How Drones Are Changing Hollywood Filmmaking

After Pirates Of The Caribbean, Drones Are Changing How Blockbusters Are Made

Stephen Oh, left, Johnny Depp as captain Jack Sparrow, and XM2 pilots in the Whitsundays during filming for Pirates of ...



” In late July 2015 filming on the Hollywood blockbuster Pirates of the Caribbean: Dead Men Tell No Tales was in its final week when cast, crew and a small team of Melbourne drone operators arrived on Hamilton Island.

  After six months filming on the Gold Coast, it was supposed to be a leisurely week. But a large tropical storm changed all that.

” The winds were blowing mega,” cinematographer Paul Cameron tells AFR Weekend ahead of the worldwide opening of the movie this week, and the helicopters being used to shoot a number of aerial scenes weren’t coping.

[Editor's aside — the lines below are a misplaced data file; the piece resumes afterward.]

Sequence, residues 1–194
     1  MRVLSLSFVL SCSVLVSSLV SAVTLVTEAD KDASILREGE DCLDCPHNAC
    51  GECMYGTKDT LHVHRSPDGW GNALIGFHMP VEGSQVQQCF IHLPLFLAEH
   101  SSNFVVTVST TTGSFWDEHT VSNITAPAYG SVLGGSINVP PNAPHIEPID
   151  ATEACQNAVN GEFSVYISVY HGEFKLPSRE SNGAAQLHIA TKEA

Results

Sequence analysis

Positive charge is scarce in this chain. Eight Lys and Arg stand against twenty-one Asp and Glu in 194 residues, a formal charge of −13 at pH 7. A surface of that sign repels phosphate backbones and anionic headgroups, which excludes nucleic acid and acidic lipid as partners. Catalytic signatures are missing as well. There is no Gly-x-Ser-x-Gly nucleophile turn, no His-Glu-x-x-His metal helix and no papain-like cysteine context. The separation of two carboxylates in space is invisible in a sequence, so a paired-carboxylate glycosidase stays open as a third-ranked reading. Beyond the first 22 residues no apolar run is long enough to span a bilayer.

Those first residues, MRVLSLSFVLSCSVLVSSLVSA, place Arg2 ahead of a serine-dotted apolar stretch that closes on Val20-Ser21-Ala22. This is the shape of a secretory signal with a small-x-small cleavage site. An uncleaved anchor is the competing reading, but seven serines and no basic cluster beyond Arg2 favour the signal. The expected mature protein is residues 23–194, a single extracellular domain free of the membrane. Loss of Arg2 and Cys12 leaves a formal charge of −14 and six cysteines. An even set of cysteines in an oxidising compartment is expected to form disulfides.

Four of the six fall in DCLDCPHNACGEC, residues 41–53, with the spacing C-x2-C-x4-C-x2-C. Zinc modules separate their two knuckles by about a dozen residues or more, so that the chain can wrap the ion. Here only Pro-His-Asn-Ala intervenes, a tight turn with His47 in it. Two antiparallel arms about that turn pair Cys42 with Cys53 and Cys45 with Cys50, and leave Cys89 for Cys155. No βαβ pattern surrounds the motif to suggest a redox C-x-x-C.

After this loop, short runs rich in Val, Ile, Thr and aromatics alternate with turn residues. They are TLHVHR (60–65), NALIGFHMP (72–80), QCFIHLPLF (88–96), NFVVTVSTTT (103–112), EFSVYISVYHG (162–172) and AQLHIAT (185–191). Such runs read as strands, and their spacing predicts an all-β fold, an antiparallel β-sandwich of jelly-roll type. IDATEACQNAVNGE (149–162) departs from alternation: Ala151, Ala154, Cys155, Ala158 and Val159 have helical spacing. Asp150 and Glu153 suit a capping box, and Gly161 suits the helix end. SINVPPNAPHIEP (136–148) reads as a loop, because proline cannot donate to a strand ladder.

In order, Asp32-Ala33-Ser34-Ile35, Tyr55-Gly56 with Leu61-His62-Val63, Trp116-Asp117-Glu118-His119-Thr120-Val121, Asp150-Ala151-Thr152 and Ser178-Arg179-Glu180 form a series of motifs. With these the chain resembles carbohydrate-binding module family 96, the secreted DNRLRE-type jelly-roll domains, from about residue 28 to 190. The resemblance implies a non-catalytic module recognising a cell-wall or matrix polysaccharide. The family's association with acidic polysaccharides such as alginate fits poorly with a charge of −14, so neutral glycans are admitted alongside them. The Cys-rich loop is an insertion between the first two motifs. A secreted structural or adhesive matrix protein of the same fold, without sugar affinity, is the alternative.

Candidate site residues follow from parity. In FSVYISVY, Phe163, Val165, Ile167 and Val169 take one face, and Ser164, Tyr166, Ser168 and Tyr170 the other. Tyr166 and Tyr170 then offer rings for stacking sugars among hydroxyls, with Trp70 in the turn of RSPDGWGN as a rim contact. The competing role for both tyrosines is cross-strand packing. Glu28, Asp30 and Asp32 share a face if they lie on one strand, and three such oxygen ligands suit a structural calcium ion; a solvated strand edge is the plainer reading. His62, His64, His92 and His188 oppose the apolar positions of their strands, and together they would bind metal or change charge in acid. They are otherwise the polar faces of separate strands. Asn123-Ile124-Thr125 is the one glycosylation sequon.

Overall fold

” They dumped a six-camera array system into the sea,” he explains, “it would have cost them an insane amount to get another helicopter, camera and do it again.”

  Which is where the team from Melbourne-based drone cinematography company XM2 came in.

  Founder Stephen Oh and his crew took their drone into winds that had closed the airport and pulled off the shots. For Oh and Cameron, it was the final affirmation that the rapid improvement in the way drones could handle high end cinematography was changing forever the way big budget blockbusters are made.”



Financial Review

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